The move from a brightly lit foyer into the dark and narrow Venus Cabaret causes a momentary adjustment of the eyes upon arrival at “Lady Day at Emerson’s Bar and Grill.” A vision emerges, the real jazz club experience—splashes of turquoise and magenta illuminate hanging photographs of Louis Armstrong, Ella Fitzgerald and Bessie Smith. A small bar run by “Emerson” himself serves “Billie’s Usual,” a “Stinger,” brandy and crème de menthe that tastes like a Colgate cocktail. (Maybe menthol is good for the voice?)
A hush of anticipation washes over the crowd as the lights dim and the band enters. A thin proscenium forms a glowing frame as “Billie Holiday” takes the stage.
Alexis J. Roston, who plays Lady Day, does the best rendition of Holiday’s later-era stylized singing that I’ve ever heard. The show progresses quickly through the familiar catalogue, and each note Roston sings drips with Holiday’s signature slurring and bending of the melody. Her voice bounces and swings with the saltatorial “What A Little Moonlight Can Do,” and becomes razor-thin with amorous elation during the lovey-dovey “Easy Living.” If “Lady Day” was just a concert, you would get your money’s worth.
But it’s more than that.
The narrative, written by Lanie Robertson, takes a dark turn and mirrors events from Holiday’s life—drug addiction, time in jail, a destructive marriage. As the show progresses, Holiday becomes more and more intoxicated. It becomes clear that the “Moonlight” of which she earlier sang lovingly about has become a synonym for heroin, which she partakes of—tourniquet, needle and all—in her dressing room between sets.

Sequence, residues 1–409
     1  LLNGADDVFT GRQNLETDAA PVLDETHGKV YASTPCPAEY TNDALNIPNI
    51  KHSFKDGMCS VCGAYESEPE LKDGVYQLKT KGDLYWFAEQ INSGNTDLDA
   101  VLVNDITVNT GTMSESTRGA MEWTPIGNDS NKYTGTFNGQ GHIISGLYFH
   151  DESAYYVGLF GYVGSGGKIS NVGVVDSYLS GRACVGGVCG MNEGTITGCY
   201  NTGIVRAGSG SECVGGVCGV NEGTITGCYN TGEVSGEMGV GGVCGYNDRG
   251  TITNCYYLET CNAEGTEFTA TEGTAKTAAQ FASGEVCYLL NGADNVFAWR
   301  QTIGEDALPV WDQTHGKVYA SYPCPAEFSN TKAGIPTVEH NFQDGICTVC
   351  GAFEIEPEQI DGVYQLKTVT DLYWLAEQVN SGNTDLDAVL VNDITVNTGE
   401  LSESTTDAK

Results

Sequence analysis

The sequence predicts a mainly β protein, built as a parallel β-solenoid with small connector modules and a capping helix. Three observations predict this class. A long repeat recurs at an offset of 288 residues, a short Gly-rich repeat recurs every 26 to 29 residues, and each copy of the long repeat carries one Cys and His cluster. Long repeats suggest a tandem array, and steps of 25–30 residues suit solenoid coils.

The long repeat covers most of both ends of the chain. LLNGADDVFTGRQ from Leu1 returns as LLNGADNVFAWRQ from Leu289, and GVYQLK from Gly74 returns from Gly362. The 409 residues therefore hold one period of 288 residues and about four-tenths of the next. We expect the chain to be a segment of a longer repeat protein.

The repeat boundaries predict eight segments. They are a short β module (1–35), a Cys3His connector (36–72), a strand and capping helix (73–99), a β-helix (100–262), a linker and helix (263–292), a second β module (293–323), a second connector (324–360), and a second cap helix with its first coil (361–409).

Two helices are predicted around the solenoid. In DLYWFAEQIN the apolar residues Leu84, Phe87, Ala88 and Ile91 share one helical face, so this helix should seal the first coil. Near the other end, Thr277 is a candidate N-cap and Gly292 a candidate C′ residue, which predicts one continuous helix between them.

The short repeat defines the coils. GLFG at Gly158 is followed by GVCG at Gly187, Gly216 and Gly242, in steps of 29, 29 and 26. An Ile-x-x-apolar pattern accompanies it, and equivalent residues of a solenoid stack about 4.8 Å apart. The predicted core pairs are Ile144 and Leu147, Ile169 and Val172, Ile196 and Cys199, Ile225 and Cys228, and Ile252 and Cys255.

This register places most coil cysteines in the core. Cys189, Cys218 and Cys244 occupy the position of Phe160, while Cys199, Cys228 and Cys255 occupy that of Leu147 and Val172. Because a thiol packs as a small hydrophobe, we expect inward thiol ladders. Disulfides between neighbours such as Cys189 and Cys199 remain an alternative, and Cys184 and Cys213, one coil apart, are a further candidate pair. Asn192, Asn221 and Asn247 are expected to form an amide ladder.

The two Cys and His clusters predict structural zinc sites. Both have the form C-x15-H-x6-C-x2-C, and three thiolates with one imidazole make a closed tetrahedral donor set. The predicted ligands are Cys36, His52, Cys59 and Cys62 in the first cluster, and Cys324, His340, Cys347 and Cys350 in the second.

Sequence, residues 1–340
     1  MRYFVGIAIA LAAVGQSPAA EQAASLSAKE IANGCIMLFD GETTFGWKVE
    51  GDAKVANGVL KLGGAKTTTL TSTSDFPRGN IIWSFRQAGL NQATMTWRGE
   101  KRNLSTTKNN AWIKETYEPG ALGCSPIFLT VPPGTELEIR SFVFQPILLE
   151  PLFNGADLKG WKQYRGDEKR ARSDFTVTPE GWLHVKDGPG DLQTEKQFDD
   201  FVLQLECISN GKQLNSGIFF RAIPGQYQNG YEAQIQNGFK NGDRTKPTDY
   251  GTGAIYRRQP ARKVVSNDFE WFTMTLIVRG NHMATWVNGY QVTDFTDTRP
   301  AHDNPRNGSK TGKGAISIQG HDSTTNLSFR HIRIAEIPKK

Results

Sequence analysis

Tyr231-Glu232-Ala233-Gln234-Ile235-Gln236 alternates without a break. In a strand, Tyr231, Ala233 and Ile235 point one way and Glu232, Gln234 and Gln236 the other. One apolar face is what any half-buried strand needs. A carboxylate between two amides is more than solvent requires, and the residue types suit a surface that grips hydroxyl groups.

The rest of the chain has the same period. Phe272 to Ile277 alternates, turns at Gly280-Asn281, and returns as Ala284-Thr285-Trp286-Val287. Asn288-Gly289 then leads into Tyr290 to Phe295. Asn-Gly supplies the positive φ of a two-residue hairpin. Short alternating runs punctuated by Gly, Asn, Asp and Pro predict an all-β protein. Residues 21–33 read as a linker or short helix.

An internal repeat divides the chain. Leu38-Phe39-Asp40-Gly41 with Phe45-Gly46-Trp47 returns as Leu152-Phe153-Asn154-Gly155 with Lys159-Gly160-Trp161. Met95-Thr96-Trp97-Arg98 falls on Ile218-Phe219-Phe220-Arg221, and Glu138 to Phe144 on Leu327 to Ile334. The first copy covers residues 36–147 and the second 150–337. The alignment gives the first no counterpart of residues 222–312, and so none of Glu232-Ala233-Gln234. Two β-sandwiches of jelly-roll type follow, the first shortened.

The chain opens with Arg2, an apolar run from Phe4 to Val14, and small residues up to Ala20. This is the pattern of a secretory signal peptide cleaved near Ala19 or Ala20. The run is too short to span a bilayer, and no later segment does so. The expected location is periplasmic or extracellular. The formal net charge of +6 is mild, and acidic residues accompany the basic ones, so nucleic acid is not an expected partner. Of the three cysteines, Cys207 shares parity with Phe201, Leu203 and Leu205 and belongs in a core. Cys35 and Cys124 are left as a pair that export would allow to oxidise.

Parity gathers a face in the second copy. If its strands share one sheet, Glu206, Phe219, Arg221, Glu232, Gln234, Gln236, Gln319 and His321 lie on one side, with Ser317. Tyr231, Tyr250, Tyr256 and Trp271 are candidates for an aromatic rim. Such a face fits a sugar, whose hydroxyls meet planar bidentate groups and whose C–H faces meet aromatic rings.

Holiday is foul-mouthed and unrepentant. It is all the piano player, Jimmy (Nygel D. Robinson), can do to just keep her upright. Holiday, ever the consummate professional, endures the self-inflicted abuse, brushing it off and reminding us that it “Ain’t Nobody’s Business If I Do.”
Unlike her portrayal by the press in the 1950s, Robertson gives the context behind what lead her to this moment. Accompanying the slow and sweet hit “God Bless The Child” is a somber telling of her early life as the overweight daughter of a young single mother. She takes a slug from her glass as she recounts anecdotes of sexual abuse and her time in a brothel.
An account of her time touring with the Archie Shepp band are happy memories (mostly), and stories of the musicians refusing to eat inside restaurants that wouldn’t allow their “secret weapon” to join them leads into Holiday’s most-recognized song, “Strange Fruit.”
But Holiday perseveres, moving around the tables in the audience, telling race jokes and coaxing a bottle of whiskey from Emerson at the bar. In the end, she pulls herself together to deliver a fantastic climax and single-song encore met with a standing ovation.
“Lady Day at Emerson’s Bar and Grill” hits all the right notes. The jazz-club atmosphere is intimate and alluring, and the three-piece band is tight and together. To call Rolston an impersonator would be vulgar. The “embodiment” of Holiday is a better choice. If you’re a fan of Billie Holiday and her music, this is as close as you are going to get to the real thing.
“Lady Day at Emerson’s Bar and Grill” at Mercury Theater Chicago, 3745 North Southport, mercurytheaterchicago.com. Tickets are $60-$70 for single tickets and $259-$299 for premium tables that seat four and come with a bottle of sparkling wine. Through March 26.